The McKinsey report suggests this is because Singapore places more emphasis on getting the right people to become teachers, developing them into effective instructors and then ensuring the system is available to deliver the best possible instruction for every child.

In Singapore, only the top 30% of graduates can apply to train to become teachers and crucially, applicants are screened, tested and selected before they enter teacher training, effectively guaranteeing them a job at the end of it.  The converse is true in Northern Ireland where large numbers of students take an undergraduate teaching degree, with no guarantee of employment or a teaching place upon graduation.

Singapore also provides qualified teachers with 100 hours of training a year and appoints senior teachers to oversee professional development in each school.  Finally, to eliminate the gap between highest and lowest achieving students, Singapore levels up its education, offering a differentiated curriculum and learning experience for weaker students.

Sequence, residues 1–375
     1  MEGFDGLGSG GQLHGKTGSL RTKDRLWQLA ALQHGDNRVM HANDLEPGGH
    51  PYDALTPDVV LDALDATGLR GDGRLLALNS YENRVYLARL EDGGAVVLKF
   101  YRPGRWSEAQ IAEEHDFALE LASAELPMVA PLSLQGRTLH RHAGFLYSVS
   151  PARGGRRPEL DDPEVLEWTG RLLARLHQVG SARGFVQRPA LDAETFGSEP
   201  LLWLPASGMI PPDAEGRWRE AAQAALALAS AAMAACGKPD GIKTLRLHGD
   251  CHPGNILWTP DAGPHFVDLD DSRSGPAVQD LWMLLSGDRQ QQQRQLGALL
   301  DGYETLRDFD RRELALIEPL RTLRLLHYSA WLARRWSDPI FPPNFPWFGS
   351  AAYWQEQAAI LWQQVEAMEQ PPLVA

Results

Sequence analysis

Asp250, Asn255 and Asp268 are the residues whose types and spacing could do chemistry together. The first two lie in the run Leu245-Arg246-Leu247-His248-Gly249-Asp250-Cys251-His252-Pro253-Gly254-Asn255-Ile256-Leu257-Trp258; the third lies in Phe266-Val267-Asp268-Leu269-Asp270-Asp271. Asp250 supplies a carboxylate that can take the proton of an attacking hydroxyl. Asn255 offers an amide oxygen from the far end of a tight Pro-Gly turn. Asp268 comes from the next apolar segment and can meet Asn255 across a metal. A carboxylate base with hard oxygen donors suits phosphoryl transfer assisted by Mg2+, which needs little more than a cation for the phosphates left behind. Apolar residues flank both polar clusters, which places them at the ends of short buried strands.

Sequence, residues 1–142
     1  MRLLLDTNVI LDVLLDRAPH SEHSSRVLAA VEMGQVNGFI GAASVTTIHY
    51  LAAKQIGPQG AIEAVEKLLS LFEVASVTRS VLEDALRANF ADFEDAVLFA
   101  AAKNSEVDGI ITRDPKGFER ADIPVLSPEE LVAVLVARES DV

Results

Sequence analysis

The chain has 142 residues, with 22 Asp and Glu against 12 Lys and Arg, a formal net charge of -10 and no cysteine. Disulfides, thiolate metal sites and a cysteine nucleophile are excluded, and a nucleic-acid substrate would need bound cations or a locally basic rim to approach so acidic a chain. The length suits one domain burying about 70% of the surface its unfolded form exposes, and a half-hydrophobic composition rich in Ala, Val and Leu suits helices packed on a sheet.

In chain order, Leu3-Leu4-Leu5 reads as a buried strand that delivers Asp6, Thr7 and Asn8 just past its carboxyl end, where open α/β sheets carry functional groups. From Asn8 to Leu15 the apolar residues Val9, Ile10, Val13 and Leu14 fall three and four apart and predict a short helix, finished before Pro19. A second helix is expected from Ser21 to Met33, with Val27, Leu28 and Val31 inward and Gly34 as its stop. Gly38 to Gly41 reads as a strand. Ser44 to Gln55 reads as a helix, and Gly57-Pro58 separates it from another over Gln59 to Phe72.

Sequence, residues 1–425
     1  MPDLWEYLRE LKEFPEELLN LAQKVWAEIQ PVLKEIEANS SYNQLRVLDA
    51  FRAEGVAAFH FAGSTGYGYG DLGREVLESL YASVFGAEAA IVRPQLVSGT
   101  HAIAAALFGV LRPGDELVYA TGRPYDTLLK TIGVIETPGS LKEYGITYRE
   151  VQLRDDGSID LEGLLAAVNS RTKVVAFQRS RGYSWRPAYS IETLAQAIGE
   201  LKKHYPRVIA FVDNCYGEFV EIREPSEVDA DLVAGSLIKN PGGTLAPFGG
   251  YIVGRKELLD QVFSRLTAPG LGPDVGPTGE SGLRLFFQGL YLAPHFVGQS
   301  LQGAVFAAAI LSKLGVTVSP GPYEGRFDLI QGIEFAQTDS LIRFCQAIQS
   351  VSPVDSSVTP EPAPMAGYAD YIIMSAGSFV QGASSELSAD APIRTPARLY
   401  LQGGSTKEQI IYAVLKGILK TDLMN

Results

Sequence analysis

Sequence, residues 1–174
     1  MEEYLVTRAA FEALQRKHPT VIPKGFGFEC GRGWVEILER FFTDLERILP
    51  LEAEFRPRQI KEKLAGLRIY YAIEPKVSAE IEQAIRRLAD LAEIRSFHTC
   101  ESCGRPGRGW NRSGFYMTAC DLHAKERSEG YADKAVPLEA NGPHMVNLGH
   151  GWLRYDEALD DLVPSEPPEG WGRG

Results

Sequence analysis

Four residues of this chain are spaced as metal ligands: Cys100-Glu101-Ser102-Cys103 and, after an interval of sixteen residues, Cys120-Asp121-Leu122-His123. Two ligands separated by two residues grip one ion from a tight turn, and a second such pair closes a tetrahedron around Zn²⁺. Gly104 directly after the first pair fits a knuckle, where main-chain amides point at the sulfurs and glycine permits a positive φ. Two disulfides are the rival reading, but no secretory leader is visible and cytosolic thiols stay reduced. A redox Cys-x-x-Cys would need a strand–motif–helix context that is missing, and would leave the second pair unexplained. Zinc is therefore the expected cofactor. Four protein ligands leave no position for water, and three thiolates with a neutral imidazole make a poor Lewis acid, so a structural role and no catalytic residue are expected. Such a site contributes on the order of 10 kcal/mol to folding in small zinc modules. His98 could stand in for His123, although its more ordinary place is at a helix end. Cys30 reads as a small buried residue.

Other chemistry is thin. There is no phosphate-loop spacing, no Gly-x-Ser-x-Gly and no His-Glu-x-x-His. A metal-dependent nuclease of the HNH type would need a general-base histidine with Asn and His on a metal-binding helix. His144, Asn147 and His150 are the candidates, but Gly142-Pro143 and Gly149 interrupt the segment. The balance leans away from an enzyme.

The Singapore system isn’t perfect by any means but there just isn’t the same debate about selection at 11 that there is over here. People seem to accept it as part of the system and the policy focus has been less handwringing about selection but more about getting the best to teach and concentrating resources and interventions at the levels where it’s most needed – in schools with the poorest outcomes. 

If the Department of Education here would focus more of our resources on turning around failing schools, it might have a greater chance of convincing parents that grammars aren’t the only pathway to success.